Immobilize or Impound the Vehicles of Those Convicted of Impaired Driving

Description of Strategy

Legislation can empower law enforcement agencies to immobilize or impound the vehicles of those convicted of impaired driving. This legislation falls primarily into three broad categories: (1) programs that require special plates on the vehicles of driving-while-intoxicated offenders and/or confiscating the vehicle plates and vehicle registration; (2) programs that require installation of devices in the vehicle that prevent it from operating if the driver has been drinking (alcohol ignition interlocks); and, (3) programs that impound, immobilize, confiscate, or forfeit the vehicles.

A 2008 document commissioned by the National Highway Traffic Safety Administration (NHTSA) reported alcohol ignition interlock laws are most common (43 states), followed by vehicle forfeiture laws (31 states). Half of all states reported having alcohol ignition interlock laws that were actively being applied on at least some eligible offenders (National Highway Traffic Safety Administration, 2008).

In Wyoming, an alcohol ignition interlock can be installed if a driver is convicted of having a blood alcohol concentration of .15 percent or higher, or if the driver is convicted of two or more driving-while-intoxicated offenses (Wyoming Department of Transportation, n.d.).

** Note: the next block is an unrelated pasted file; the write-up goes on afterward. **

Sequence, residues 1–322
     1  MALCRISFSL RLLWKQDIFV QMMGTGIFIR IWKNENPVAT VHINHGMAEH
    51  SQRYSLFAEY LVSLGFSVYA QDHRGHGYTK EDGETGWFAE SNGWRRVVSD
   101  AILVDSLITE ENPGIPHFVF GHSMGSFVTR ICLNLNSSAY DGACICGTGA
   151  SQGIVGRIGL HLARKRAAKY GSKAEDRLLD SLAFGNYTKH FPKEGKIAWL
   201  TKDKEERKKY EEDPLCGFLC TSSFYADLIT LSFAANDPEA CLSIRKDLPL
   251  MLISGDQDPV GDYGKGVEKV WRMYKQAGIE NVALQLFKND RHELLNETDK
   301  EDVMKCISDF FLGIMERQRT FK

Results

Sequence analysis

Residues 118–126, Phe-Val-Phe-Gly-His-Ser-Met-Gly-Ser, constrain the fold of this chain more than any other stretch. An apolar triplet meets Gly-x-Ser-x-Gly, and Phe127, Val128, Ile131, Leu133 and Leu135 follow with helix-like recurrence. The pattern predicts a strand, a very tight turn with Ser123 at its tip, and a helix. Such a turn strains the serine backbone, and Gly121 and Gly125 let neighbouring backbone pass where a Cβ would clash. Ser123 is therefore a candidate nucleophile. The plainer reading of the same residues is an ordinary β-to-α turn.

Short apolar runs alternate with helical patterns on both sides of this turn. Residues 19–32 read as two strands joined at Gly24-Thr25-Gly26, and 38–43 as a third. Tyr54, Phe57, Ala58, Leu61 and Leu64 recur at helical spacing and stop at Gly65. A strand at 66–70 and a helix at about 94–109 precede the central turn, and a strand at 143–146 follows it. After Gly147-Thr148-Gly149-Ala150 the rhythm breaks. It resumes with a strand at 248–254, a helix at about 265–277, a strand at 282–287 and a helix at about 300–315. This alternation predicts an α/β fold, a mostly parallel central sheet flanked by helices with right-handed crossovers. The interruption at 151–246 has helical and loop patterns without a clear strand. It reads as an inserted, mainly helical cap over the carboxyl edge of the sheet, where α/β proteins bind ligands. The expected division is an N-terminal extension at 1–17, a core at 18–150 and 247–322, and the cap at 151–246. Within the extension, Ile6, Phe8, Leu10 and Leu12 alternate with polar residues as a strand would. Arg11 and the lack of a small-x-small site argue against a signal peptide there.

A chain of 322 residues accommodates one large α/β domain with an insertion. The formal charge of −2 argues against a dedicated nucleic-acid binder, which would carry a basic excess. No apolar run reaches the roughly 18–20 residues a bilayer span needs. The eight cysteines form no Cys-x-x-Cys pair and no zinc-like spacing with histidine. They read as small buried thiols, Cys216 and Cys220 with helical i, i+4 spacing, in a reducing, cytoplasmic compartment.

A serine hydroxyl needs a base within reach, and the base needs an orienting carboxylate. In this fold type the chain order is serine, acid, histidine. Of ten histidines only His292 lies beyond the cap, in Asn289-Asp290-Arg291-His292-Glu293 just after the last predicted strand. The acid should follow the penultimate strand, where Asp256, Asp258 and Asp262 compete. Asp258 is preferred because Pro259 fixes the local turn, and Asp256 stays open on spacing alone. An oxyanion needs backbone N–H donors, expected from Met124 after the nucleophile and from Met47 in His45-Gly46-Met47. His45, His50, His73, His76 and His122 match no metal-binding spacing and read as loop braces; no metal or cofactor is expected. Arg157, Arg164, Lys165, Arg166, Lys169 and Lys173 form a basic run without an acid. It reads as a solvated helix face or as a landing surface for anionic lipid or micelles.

Also known as...

Ignition interlock devices

Discussion of Effectiveness

Alcohol

Evidence supports effectiveness of immobilization or impoundment of vehicles of those convicted of impaired driving for reducing recidivism (the tendency to relapse and commit the offence again), traffic convictions, and crashes. The Community Preventive Services Task Force specifically recommends the use of ignition interlocks based on their effectiveness in reducing re-arrest rates (Guide to Community Preventive Services, 2006). A systematic review (University of Wisconsin Population Health Institute, 2017) found strong evidence that the installation of ignition interlock devices reduces re-arrest rates during the time the device is installed. The review found evidence that the ignition interlock devices are more effective than revoking drivers’ licenses in reducing alcohol-related crashes. There was also evidence that states that required ignition interlock devices for first-time offenders had lower crash rates than states that reserved ignition interlock devices for repeat offenders

Prescription & Other Drugs

Evidence supports effectiveness of immobilization or impoundment of vehicles of those convicted of impaired driving for reducing recidivism (the tendency to relapse and commit the offence again), traffic convictions, and crashes. The Community Preventive Services Task Force specifically recommends the use of ignition interlocks based on their effectiveness in reducing re-arrest rates (Guide to Community Preventive Services, 2006). A systematic review (University of Wisconsin Population Health Institute, 2017) found strong evidence that the installation of ignition interlock devices reduces re-arrest rates during the time the device is installed. The review found evidence that the ignition interlock devices are more effective than revoking drivers’ licenses in reducing alcohol-related crashes. There was also evidence that states that required ignition interlock devices for first-time offenders had lower crash rates than states that reserved ignition interlock devices for repeat offenders